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High Risk Construction Work vs High Risk Work: The Difference

In safety, the term “high risk” is thrown around a lot. In this article we’ll explain what is “high risk” under the Harmonised WHS Regulations and the implications for businesses that conduct these types of work. By knowing the distinction, employers, workers, and safety representatives can ensure compliance with the necessary regulations and implement the appropriate risk control measures.

High Risk Construction Work vs High Risk Work

Firstly, let’s talk about high risk construction work. High risk construction work is defined in s291 of the Regulations and includes a list of almost 20 activities. These activities are specific to construction and pose serious risk of fatality to workers. High risk work on the other hand is covered in Part 4.5 of the Regulations with Schedule 3 outlining the classes of high risk work. High risk work are hazardous activities that aren’t specific to any industry yet also pose serious risk of persons getting seriously or gravely injured.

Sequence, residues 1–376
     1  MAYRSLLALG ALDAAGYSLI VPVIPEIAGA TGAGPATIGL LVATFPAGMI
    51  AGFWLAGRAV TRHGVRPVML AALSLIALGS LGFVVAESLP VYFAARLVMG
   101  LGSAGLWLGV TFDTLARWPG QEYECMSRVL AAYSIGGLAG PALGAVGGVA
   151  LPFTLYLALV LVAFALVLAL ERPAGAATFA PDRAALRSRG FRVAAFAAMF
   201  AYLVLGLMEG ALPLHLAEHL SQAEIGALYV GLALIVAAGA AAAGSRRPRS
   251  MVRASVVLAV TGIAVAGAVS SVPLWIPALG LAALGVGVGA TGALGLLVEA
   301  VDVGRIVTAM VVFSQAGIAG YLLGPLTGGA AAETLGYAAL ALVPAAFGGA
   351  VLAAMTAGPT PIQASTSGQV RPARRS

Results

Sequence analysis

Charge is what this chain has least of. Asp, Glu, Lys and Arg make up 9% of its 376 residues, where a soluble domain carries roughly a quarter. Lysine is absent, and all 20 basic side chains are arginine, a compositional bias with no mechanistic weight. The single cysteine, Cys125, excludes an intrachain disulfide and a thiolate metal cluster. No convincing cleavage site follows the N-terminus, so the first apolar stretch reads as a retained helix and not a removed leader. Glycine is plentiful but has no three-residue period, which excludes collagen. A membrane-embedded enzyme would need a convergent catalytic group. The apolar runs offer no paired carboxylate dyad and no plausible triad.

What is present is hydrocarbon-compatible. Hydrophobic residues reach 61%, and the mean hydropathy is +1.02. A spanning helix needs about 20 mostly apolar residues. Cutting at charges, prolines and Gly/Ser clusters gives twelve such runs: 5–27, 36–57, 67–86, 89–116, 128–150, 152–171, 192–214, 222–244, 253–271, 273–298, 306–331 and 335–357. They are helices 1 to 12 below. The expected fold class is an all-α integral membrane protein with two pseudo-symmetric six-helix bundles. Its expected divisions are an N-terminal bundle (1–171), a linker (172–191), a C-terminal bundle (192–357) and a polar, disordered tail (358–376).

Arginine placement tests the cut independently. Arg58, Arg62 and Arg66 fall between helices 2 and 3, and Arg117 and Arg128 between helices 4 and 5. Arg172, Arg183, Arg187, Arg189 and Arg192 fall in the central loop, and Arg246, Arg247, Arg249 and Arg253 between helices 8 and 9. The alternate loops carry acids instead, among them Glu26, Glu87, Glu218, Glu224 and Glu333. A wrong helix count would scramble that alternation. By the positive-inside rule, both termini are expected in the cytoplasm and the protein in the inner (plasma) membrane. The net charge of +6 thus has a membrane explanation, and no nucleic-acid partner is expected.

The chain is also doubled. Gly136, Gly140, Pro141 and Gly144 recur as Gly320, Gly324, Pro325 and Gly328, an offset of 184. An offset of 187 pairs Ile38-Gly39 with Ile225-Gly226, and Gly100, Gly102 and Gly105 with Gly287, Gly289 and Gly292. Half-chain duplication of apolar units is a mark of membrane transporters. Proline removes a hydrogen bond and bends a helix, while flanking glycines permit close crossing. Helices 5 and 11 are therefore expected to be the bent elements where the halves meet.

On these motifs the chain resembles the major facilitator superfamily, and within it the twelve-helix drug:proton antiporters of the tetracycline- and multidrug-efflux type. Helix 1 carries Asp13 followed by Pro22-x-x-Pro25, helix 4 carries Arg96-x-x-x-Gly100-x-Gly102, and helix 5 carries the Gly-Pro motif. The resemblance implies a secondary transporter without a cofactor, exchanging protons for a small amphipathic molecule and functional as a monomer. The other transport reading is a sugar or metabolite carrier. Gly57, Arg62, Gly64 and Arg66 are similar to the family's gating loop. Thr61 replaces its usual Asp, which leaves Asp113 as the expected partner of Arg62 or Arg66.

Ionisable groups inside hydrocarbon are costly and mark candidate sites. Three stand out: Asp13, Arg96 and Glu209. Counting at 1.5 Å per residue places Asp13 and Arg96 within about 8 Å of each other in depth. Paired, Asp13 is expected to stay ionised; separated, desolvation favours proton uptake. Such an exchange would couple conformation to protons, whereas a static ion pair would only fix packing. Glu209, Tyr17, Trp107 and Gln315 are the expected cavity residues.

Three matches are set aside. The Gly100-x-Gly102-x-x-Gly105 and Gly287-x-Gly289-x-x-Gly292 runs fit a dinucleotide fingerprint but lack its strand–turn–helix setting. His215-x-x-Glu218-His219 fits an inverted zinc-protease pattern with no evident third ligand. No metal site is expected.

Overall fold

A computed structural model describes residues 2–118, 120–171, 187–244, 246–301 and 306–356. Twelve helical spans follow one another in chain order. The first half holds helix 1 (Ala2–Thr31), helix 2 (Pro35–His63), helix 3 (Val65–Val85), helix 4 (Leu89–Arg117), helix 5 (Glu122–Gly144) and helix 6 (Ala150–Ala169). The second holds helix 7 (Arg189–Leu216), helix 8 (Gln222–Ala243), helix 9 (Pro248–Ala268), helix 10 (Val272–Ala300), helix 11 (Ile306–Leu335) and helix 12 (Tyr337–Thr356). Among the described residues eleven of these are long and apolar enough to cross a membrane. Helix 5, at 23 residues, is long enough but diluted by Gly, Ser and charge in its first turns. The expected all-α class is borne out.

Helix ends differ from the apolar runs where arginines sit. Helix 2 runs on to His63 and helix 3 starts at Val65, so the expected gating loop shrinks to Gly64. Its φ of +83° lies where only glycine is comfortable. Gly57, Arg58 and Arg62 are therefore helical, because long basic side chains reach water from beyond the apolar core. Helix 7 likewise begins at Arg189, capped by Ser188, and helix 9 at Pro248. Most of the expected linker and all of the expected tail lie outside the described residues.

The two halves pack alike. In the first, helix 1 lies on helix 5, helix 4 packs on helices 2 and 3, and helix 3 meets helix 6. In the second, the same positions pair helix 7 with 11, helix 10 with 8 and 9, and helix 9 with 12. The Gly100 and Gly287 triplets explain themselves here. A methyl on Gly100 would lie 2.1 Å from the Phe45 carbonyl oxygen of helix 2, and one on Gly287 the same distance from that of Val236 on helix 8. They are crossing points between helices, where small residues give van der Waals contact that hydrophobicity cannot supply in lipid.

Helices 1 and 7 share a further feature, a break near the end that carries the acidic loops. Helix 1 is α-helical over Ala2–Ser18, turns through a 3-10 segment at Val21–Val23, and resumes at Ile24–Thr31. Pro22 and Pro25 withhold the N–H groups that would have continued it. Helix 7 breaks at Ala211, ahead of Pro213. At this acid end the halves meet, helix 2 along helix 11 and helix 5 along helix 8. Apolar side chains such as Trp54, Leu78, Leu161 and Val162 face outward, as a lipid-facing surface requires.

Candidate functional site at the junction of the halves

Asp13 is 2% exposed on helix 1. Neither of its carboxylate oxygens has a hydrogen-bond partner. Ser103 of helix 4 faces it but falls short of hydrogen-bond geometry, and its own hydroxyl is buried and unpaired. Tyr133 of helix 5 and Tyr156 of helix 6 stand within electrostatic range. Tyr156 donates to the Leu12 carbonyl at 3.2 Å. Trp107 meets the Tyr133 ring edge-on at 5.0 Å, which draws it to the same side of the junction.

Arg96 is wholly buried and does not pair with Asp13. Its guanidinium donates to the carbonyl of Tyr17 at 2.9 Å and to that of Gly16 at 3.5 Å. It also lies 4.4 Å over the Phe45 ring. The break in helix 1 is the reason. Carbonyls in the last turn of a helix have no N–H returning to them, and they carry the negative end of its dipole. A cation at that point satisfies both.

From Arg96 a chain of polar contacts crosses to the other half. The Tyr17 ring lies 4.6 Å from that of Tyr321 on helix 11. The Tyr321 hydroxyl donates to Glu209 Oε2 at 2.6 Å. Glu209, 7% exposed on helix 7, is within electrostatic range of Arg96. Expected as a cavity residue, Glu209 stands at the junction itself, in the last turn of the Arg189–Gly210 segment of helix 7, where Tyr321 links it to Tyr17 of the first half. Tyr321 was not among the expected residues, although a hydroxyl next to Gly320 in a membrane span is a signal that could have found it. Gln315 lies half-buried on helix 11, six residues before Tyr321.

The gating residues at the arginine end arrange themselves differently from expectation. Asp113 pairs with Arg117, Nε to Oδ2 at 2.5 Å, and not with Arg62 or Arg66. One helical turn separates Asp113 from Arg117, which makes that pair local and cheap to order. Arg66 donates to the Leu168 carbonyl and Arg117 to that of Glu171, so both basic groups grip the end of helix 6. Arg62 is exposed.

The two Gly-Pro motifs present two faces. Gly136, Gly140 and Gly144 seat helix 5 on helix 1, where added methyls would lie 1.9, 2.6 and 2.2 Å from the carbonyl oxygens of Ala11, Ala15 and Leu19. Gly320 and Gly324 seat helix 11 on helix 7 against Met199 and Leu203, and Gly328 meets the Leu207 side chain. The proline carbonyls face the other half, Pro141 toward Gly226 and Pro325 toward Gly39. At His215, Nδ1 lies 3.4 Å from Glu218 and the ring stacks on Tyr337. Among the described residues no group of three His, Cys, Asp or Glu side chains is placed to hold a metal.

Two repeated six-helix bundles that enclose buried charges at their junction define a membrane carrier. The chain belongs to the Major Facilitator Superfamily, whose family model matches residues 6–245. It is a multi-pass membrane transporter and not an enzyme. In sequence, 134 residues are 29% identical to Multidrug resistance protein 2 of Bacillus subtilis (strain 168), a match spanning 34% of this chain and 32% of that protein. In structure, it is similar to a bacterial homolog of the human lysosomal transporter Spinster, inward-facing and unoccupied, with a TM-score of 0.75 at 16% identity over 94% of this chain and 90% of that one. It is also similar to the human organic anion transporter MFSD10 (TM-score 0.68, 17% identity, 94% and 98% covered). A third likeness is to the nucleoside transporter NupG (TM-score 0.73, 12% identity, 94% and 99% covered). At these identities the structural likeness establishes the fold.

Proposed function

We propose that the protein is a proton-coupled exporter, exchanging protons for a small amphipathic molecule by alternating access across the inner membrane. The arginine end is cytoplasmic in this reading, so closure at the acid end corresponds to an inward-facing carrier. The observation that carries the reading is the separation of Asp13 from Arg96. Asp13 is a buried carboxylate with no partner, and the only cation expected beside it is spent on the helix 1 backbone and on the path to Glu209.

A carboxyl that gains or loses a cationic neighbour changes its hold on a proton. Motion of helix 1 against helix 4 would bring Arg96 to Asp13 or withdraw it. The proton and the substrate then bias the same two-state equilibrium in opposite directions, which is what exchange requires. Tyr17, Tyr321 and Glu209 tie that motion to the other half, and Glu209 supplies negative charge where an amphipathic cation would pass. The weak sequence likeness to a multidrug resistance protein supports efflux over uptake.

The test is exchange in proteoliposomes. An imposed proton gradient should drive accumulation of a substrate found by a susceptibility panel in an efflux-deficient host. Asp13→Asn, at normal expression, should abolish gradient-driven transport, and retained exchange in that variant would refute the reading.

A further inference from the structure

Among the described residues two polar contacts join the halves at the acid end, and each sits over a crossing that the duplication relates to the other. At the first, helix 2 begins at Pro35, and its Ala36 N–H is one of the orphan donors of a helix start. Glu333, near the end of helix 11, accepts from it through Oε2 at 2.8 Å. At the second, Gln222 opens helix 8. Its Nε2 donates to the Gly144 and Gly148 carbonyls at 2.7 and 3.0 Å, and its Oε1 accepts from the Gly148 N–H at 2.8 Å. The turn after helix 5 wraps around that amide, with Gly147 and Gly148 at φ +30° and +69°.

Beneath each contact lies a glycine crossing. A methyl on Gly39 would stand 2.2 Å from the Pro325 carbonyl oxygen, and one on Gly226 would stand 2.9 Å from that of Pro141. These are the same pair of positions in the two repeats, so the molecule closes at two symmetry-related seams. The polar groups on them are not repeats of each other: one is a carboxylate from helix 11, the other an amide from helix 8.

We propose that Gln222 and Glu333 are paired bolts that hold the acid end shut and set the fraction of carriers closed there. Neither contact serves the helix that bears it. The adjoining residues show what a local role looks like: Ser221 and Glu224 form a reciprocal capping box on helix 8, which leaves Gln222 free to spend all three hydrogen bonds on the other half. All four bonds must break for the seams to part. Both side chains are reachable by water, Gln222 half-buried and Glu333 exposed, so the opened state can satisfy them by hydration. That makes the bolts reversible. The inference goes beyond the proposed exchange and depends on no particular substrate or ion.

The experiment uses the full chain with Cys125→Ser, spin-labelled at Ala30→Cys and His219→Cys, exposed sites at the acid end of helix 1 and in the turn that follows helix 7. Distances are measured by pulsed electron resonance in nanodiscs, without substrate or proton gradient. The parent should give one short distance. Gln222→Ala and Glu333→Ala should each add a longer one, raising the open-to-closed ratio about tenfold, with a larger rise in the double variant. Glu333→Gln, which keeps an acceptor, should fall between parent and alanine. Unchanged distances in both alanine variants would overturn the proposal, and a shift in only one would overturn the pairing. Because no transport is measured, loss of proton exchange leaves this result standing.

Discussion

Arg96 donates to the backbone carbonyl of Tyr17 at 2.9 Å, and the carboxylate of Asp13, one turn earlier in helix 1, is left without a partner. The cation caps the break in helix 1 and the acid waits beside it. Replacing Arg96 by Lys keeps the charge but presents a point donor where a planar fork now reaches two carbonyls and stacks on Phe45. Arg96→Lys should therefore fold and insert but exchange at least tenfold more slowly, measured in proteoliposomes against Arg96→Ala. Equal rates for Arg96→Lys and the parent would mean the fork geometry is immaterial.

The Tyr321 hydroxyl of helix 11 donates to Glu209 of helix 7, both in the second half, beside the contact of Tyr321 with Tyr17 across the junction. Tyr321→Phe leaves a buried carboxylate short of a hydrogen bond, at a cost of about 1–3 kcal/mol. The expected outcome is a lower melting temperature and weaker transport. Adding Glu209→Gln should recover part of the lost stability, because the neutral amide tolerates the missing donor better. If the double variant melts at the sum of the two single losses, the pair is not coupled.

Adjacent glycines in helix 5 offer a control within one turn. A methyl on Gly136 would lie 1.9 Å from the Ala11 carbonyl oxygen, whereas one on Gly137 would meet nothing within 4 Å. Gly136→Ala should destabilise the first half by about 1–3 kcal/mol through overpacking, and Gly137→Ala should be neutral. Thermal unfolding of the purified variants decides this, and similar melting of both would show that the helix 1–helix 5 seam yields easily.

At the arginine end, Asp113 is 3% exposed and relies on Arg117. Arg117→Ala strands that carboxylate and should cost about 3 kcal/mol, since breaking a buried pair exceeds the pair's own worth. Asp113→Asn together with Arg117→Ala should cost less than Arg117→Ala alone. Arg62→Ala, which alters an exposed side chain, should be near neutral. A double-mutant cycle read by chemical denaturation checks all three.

Examples of High Risk Construction Work (HRCW)

Section 291 includes a full list of the types of high risk construction work (HRCW). We won’t list them all, but here are some examples of HRCW activities:

  • Working at heights over 2 metres
  • Working in a confined space
  • Working in a trench or shaft with excavated depth over 1.5 metres
  • Working on or adjacent to a roadway, shipping lane or railway
  • Working with mobile plant
  • Working in an area with artificial extremes of temperatures
  • Working with structural alterations that require temporary support

Although not written specifically for high risk construction work, there are codes of practice that cover many of these hazards. Be sure to refer to them if these hazards are present on your site.

Examples of High Risk Work

Classes of high risk work are outlined in Schedule 3. There are 30 classes of high risk work. We’ll provide some examples below:

  • Forklift operation
  • Dogging and rigging work (with various subclasses)
  • Crane operation (with various subclasses)
  • Boiler operation (with various subclasses)